For faculty members or inservice course facilitators

If you are a faculty member or professional development facilitator who is conducting this course, you will find it is designed to be flexible for teaching in different contexts.

For faculty who meet in a group with their students, the components are designed to help you –

  • prepare learners for each of 13 sessions by giving them reading assignments and questions to think about
  • begin the session with “getting started” activities that relate to the session
  • watch and discuss the video program
  • continue with other activities and assessments that can be incorporated into the session time, or discussed in class and completed as homework
  • finish in approximately two to two-and-one-half hours

The course can also be easily adapted for teaching at a distance, where students may view the programs via cassette, or Video on Demand.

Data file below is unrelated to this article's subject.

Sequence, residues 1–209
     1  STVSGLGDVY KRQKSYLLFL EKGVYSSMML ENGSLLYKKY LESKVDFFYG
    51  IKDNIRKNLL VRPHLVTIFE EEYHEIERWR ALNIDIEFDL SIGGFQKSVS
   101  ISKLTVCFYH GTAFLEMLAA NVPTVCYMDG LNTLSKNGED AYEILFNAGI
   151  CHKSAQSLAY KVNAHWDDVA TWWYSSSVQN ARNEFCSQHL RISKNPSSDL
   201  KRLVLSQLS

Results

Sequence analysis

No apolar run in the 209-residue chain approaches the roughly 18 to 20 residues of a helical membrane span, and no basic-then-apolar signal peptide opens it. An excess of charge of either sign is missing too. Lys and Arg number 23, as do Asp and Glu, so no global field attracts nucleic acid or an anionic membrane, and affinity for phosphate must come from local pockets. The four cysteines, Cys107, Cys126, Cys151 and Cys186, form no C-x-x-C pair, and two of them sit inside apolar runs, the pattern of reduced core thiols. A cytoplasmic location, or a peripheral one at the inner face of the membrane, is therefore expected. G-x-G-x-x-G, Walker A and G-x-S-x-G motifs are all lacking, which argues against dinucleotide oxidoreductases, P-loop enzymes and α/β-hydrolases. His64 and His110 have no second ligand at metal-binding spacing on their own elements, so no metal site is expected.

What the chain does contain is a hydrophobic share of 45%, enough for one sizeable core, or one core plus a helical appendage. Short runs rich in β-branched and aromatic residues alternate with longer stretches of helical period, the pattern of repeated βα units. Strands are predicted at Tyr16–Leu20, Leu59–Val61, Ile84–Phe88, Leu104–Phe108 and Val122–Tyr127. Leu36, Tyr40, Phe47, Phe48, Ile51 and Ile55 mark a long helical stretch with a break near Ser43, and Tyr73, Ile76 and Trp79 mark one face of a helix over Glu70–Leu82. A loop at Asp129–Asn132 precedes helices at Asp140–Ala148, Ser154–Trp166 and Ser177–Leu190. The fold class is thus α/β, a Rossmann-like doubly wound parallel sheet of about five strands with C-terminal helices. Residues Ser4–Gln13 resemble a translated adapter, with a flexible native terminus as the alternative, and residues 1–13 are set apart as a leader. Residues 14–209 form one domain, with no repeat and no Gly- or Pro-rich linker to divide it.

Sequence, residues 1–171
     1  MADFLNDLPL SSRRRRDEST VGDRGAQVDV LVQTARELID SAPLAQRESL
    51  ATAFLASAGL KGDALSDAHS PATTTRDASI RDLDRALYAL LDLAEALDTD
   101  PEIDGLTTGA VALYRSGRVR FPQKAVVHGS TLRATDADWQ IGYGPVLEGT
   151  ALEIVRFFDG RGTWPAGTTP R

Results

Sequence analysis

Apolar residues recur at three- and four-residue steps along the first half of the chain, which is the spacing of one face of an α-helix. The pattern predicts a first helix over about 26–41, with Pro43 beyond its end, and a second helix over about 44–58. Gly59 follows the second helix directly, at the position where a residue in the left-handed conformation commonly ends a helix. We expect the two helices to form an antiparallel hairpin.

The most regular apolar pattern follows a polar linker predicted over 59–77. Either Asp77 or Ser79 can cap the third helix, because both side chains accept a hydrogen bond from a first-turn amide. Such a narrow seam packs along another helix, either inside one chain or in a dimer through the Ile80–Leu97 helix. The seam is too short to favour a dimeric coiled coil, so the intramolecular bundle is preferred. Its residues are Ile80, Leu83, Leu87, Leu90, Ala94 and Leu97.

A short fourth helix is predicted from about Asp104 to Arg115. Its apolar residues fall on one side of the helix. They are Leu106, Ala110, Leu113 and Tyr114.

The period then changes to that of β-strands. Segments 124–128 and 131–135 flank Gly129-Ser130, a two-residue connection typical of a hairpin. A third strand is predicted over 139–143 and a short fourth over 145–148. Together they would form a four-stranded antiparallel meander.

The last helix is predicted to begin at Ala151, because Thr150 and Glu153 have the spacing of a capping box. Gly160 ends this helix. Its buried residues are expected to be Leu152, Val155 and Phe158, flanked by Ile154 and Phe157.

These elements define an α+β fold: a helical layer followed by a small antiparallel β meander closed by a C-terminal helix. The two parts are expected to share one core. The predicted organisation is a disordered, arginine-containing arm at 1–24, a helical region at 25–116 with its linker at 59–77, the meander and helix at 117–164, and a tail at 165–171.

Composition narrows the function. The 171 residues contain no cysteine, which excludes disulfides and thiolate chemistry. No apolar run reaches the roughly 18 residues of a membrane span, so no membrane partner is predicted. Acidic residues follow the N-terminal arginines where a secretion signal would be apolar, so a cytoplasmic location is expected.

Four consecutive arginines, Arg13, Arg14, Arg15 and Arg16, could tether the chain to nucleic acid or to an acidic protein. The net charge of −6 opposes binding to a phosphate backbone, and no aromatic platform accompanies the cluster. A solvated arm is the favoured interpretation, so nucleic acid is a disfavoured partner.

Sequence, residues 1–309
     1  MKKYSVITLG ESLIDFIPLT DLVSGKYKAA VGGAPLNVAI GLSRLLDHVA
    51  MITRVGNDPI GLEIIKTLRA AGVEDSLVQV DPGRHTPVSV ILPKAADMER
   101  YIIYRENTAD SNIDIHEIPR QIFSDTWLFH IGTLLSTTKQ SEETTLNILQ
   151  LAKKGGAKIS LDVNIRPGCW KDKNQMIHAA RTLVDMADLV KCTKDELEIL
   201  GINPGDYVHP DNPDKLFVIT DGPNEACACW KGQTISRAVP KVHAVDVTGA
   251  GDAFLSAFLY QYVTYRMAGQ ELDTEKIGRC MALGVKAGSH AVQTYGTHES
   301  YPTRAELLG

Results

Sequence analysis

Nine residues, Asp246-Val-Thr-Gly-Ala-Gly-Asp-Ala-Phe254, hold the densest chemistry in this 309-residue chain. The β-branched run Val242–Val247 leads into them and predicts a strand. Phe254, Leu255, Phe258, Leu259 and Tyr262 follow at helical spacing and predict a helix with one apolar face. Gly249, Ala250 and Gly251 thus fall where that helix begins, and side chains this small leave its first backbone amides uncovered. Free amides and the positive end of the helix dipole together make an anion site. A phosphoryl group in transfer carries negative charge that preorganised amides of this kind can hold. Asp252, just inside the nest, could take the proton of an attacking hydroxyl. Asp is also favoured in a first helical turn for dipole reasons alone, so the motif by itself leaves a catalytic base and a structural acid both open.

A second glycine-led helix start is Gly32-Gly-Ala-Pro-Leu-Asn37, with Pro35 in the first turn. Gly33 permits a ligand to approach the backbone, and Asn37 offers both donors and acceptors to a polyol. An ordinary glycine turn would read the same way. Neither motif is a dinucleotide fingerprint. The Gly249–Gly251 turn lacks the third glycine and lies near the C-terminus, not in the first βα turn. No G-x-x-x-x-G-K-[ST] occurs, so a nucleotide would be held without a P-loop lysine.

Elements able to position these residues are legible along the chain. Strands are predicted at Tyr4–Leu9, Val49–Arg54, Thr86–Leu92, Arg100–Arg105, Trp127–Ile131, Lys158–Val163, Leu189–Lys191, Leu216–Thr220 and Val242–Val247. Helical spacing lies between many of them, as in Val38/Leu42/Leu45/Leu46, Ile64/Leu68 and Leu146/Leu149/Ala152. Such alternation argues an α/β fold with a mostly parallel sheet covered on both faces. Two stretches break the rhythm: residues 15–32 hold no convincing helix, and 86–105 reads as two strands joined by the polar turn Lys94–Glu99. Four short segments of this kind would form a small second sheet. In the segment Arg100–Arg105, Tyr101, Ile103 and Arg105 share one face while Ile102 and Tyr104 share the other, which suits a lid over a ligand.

To prepare for conducting the course, go to the print guide (PDF) and find detailed suggestions for using the print, video, and Web components.

For students in schools of education and inservice teachers

If you are a student or inservice teacher who will be taking this course, see the Individual Session Descriptions tab in the accordion below to find an index of the sessions and links to each session in the right-side navigation.

Download and review the print About This Course (PDF).

Before your first session download the print guide for How People Learn: Introduction to Learning Theory (PDF), review and reflect on Getting Started activities (Section IV-A), and read the Session Overview and other session reading listed in the guide.

Individual Session Descriptions